Amanda Podmore is Grand Canyon Trust’s new Grand Canyon Director. The position had been held by Roger Clark, who retired earlier this year.
Podmore’s position is important to Save the Confluence, which seeks to protect Navajo land and cultures at the western edge of the Navajo Nation near the Grand Canyon East Rim. This includes the “confluence,” which is where the Little Colorado and the Colorado Rivers merge. It includes Little Colorado River and Little Colorado Gorge.
Some members of Save the Confluence families continue to live and are land users in the area. They face threats of development from outside interests, who want to take over the land and water in the area.
A Phoenix developer, for example, proposes to build a dam at one of three sites on the Little Colorado River. One is called Big Canyon, which is located east of confluence of the Colorado and Little Colorado rivers.
STC hosted a Q & A with Podmore on issues important to the region.
Name: Amanda Podmore
Title: Grand Canyon Director
Previous job before GCT: I joined the Grand Canyon Trust in April 2021. Before that, I was a Southeast Utah Conservation Consultant to the National Parks Conservation Association working on a campaign to protect cultural landscapes in southeast Utah at the direction of tribes. Before that, I was Assistant Director at Friends of Cedar Mesa where I spent four years supporting the Bears Ears National Monument campaign.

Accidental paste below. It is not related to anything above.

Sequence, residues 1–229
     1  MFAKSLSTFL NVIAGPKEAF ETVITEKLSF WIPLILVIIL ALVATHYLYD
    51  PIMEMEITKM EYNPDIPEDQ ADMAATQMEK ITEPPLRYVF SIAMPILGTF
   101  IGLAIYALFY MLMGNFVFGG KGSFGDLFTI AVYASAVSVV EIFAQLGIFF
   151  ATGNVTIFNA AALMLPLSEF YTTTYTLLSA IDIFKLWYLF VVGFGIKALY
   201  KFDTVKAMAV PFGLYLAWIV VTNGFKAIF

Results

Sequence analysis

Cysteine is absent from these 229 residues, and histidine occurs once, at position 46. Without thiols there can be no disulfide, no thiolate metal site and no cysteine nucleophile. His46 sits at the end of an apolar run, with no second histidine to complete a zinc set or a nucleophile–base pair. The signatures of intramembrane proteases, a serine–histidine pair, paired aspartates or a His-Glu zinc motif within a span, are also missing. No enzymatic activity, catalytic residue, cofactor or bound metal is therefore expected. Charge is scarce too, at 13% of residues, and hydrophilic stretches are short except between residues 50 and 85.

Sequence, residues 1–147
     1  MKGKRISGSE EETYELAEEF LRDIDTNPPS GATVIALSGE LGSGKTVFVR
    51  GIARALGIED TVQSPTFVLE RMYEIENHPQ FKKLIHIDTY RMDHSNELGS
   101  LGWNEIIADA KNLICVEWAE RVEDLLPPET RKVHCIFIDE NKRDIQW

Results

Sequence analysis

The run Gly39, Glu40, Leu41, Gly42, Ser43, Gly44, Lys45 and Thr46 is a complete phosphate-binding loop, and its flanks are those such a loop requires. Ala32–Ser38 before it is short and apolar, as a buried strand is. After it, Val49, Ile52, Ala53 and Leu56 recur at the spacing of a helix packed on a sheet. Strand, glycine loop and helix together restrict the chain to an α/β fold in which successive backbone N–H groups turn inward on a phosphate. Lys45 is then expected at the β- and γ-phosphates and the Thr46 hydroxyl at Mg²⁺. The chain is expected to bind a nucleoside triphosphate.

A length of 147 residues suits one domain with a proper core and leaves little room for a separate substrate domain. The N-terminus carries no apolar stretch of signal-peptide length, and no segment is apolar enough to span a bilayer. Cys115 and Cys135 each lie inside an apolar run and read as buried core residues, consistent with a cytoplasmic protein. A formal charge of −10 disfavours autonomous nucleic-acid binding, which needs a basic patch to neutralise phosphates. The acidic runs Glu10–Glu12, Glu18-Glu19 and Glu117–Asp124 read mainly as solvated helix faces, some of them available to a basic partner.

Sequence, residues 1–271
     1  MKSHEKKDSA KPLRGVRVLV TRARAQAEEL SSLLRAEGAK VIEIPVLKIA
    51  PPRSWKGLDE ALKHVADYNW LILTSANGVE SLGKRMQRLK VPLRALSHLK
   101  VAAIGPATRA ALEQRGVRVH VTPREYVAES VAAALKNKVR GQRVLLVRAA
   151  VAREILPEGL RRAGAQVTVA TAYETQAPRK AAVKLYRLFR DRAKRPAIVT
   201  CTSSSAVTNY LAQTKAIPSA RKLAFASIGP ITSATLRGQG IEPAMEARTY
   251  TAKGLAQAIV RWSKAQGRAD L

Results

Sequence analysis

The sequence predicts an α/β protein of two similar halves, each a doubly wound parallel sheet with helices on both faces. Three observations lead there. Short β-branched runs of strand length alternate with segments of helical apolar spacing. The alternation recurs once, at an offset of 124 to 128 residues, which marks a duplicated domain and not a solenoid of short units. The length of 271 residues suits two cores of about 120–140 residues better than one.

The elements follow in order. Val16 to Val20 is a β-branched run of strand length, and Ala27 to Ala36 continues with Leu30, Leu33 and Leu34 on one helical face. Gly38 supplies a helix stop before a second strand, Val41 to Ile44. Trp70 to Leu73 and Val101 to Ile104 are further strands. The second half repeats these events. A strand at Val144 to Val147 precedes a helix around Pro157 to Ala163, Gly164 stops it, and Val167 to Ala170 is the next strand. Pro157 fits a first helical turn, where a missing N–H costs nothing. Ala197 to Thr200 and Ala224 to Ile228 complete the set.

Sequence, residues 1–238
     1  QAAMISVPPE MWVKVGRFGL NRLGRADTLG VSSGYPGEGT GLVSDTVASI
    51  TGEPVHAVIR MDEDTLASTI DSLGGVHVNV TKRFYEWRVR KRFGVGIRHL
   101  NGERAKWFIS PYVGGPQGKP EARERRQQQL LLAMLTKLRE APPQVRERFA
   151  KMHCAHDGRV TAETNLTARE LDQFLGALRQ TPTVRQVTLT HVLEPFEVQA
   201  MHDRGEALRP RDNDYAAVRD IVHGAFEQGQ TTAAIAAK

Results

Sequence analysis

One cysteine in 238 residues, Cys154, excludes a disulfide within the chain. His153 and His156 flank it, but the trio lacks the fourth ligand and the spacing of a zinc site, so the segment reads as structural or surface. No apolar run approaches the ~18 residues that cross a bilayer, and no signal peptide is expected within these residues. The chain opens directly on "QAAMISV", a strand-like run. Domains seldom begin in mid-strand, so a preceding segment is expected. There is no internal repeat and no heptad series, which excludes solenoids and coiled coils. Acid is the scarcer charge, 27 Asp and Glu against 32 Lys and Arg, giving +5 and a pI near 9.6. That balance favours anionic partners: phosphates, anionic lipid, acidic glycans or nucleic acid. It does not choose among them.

Academic background: Bachelors in Environmental Policy from Colorado College, Masters in Natural Resource Law from the University of Denver.
Family: My husband and I and our cats and chickens share our time between Bluff, Utah and Flagstaff.
Hobbies outside of work: Desert gardening, making & selling jewelry, painting, organizing the Bluff Arts Festival and whitewater rafting.
What project, in your previous work, are you proud of?
There is nothing quite as motivating as working to protect your home. A project I am most proud of was fighting a permit to drill and “frack” my town’s aquifer, the Bluff aquifer. The proposal was to drill on Bureau of Land Management lands just a few miles from Bluff through our pristine aquifer, which had never been put at risk by hydraulic fracturing. There was no telling what the long-term impacts to our water supply would be, especially since the analysis fell short of analyzing them.
Critically, the oil wells could impact the water supply at our local Episcopal Mission, which provides free potable water to Diné community members from Montezuma Creek, Aneth, and as far as Monument Valley. Many Diné community members voiced their concerns about the water impacts so the BLM produced a study showing there could be water degradation in a few hundred years. To us, that wasn’t a risk we could take.
As a consultant to the National Parks Conservation Association and a local resident, I worked with local elected officials, community members, and the Episcopal church to organize meetings with the BLM, public forums, and comment writing workshops to alert the BLM and the developers to our serious concerns. You can imagine how elated we were to learn shortly after the public comment period closed in 2020 that the company withdrew its permit application and as a result, lost the oil and gas lease.